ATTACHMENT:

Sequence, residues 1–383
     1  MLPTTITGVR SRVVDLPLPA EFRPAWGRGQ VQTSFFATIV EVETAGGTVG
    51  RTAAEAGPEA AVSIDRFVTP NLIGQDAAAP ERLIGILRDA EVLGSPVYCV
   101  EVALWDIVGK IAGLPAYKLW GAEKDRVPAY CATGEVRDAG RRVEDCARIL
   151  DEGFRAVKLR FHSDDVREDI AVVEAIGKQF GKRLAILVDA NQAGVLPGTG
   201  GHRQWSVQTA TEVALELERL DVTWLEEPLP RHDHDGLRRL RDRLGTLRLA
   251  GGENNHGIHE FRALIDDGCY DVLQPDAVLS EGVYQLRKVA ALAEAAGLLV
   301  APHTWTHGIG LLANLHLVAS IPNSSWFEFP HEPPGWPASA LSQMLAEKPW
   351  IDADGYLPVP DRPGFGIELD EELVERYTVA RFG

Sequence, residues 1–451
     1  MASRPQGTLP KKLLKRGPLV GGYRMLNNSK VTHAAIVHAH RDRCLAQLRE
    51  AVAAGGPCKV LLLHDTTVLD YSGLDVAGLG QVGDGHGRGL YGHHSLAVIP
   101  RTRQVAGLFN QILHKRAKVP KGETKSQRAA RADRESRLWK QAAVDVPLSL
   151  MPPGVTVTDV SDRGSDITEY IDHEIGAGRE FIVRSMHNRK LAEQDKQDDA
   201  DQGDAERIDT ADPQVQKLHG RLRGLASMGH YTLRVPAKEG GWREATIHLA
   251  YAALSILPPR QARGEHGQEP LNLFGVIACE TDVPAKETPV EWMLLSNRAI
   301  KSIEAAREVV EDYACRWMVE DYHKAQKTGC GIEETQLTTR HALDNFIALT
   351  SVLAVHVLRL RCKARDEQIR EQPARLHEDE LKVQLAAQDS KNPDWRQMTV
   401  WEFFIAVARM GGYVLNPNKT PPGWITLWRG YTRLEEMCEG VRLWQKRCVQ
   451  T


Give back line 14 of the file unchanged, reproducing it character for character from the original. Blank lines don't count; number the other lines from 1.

   151  MPPGVTVTDV SDRGSDITEY IDHEIGAGRE FIVRSMHNRK LAEQDKQDDA